• How can you build up your network? What kind of social events can you attend? 
  • Have you met your goals and accomplished your plans? 

An appropriate plan will keep you committed to your goals and improve your career decision-making. Also don’t forget to regularly assess your progress so you stay on track, either independently or with someone like a mentor, friend, or coworker. 

What are your thoughts about these tips? Do you have any questions or suggestions about starting your first job? You are welcome to email us or leave your comments!

Get information and resources about our center at The Philip Rauch Center for Business Communication.

Works Cited:

Vaiana, D. (2019, June 25). Starting a New Job or Internship? Here Are 10 Important Dos and Don’ts. Retrieved March 25, 2022, from College Info Geek website:

Internships: Communication is Key

By Communication Consultant Grace Kwon (Finance, ’23)

Internships: Communication is KeyWith summer slowly approaching, students are getting ready to take on a new and exciting opportunity—a summer internship. Before starting an internship, it is important to keep in mind certain fundamentals, such as how to develop good communication with colleagues—whether in-person or online. Here are some ways that students can effectively communicate with workplace peers:

1. Communicate kindly and respectfully

Make sure to communicate with your co-workers and manager in a respectful and kind manner. Use a friendly tone when speaking and communicating with others, as this will promote positive relationships. A respectful environment where everyone speaks nicely and kindly will reduce workplace stress and problems, and also improve teamwork.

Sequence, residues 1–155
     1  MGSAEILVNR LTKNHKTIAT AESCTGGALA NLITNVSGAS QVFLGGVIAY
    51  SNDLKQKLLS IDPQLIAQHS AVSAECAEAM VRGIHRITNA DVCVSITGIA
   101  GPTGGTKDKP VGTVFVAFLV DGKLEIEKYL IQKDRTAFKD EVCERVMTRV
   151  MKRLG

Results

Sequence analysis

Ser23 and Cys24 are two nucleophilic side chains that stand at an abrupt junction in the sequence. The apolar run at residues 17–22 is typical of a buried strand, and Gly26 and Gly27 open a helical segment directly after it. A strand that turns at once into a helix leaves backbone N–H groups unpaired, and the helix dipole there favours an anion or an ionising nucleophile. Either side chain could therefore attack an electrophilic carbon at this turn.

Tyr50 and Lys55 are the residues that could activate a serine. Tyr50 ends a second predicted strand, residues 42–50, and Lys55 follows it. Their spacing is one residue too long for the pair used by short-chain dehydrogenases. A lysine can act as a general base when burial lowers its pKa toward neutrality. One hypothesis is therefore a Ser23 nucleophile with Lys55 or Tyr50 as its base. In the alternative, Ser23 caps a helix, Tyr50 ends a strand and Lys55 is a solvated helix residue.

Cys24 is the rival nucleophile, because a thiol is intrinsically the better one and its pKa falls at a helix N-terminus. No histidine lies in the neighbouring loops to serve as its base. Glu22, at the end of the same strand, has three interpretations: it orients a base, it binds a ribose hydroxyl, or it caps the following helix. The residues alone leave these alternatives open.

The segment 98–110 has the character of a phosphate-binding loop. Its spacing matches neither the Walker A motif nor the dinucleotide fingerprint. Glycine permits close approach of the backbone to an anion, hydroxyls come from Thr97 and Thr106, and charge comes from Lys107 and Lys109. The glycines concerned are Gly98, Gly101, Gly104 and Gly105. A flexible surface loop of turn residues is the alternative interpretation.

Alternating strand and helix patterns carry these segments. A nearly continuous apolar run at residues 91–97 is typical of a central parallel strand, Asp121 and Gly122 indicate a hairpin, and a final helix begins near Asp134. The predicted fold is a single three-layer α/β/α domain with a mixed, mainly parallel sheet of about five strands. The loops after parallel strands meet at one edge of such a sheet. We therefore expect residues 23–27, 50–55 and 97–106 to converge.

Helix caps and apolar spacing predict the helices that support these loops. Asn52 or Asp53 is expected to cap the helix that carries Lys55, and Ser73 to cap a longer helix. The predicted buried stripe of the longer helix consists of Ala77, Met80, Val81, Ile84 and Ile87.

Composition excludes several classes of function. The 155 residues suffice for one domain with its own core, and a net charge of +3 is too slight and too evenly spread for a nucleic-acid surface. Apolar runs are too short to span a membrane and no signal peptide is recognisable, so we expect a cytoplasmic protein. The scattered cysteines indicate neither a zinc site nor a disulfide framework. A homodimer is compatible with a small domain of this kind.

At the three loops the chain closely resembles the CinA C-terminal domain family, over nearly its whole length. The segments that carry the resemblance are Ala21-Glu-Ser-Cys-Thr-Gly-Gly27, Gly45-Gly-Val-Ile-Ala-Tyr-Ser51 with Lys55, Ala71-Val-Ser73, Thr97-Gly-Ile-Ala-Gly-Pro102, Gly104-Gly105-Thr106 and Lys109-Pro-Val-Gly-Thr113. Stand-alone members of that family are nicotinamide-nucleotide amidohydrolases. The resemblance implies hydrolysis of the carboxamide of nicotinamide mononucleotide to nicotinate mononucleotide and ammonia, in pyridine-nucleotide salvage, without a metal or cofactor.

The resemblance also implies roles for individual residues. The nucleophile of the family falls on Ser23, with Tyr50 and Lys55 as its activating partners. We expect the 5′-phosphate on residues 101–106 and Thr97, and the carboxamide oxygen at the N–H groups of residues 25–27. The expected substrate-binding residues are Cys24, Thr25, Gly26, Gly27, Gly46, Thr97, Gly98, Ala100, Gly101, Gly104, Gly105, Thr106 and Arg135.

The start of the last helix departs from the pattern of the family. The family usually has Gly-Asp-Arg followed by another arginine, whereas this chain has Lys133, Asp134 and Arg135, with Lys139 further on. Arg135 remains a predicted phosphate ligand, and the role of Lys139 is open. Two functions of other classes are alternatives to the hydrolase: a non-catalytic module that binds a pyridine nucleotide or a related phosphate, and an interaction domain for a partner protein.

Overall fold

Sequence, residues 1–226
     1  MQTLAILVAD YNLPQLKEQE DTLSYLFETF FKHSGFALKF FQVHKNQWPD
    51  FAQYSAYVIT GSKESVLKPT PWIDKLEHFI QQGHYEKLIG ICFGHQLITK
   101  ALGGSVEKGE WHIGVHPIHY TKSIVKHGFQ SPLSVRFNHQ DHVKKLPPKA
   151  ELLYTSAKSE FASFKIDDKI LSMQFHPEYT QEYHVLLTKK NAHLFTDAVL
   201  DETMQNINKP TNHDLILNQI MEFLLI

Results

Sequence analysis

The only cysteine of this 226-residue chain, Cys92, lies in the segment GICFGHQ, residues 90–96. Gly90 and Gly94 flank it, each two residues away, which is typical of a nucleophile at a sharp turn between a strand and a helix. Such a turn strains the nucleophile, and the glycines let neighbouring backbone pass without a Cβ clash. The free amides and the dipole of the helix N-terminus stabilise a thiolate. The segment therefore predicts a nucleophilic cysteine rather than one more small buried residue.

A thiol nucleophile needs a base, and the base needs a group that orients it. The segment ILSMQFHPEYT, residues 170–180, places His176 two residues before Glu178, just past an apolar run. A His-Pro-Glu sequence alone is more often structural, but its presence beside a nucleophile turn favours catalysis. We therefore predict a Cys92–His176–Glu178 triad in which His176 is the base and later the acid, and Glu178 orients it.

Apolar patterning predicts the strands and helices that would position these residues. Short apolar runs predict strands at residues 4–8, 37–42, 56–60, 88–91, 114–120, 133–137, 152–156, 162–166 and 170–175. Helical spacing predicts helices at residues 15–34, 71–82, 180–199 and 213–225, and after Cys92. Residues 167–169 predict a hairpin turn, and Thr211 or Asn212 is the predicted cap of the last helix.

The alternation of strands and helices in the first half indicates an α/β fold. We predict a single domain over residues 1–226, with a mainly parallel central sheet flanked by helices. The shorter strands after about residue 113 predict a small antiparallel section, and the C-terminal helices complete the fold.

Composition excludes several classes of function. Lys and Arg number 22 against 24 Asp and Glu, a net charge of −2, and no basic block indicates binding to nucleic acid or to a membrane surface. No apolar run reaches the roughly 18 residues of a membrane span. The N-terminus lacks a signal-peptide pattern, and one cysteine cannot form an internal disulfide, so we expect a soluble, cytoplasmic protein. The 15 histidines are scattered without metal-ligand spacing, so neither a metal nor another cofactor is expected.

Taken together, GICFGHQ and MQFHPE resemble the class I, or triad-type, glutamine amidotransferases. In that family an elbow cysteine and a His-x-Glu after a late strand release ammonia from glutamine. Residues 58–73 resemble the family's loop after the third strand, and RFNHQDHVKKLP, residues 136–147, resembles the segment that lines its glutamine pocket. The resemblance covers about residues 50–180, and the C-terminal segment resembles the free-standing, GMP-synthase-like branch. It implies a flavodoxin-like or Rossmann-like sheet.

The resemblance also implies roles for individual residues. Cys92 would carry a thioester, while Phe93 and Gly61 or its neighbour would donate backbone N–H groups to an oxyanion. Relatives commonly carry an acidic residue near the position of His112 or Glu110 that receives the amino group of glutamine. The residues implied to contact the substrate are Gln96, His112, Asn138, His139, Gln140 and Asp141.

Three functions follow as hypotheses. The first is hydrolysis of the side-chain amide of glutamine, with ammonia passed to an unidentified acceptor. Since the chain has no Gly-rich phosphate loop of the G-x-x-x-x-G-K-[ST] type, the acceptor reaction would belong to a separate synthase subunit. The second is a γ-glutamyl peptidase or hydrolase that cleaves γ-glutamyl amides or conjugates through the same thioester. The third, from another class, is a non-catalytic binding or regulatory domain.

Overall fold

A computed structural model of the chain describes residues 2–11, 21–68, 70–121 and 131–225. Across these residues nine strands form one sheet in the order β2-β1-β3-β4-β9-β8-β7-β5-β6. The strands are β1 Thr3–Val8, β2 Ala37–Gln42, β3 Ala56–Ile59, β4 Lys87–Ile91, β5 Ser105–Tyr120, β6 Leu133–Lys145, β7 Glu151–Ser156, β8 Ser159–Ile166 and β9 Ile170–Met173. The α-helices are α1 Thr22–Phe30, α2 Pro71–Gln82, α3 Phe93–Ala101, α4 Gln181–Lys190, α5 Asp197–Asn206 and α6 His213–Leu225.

2. Speak to the individual in-person/face-to-face as much as possible

If your internship is in-person for this upcoming summer, it is recommended to speak with your manager and fellow colleagues face-to-face as much as possible. Typically, meeting with someone in-person and discussing the issues firsthand is more efficient than simply texting or emailing. Additionally, speaking face-to-face with your manager or colleague will allow you to strengthen your relationship with them and gain their trust, which is essential in a workplace environment.

3. Ask for feedback

Don’t be afraid to ask for feedback from your fellow peers or boss! By asking for feedback, you can know what you do well, what you struggle with, and what you can improve upon; this will help you grow as a professional in the workplace. Especially when you are first starting off at an internship, it is crucial that you constantly ask about your progress, and view all feedback as an opportunity to grow. If your manager does not directly give you feedback, then you could always ask them directly.

4. Ask questions

Like asking for feedback, don’t be afraid to ask questions! If you are confused on how to complete a certain task, then ask questions on how to correctly complete it, as this is better than incorrectly doing the task without assistance. As an intern, your main duty is to learn through this internship, and one of the ways you will improve yourself in the workplace is to ask the right and relevant questions.

Get information and resources about our center at The Philip Rauch Center for Business Communication.

Works Cited:,working%20in%20such%20an%20environment.

Networking with Women in Business

By Communication Consultant Julia Mancuso (Finance, ’24)

Group shot, Building C
Saks, Ryan (2022)

Alita Friedman spoke of her success in the business world combatting a global pandemic at Lehigh’s Women in Business Conference, The Power of You: Creating and Defining Your Path. As Vice President of Community Engagement, I was tasked with working with the Women in Business Executive Board for the implementation of the Conference. The event took place on Mountain Top Building C on Saturday, February 26th from 9:00am-3:00pm. The agenda for the conference included a networking breakfast, panel discussions, workshops, and a keynote address featuring Alita Friedman.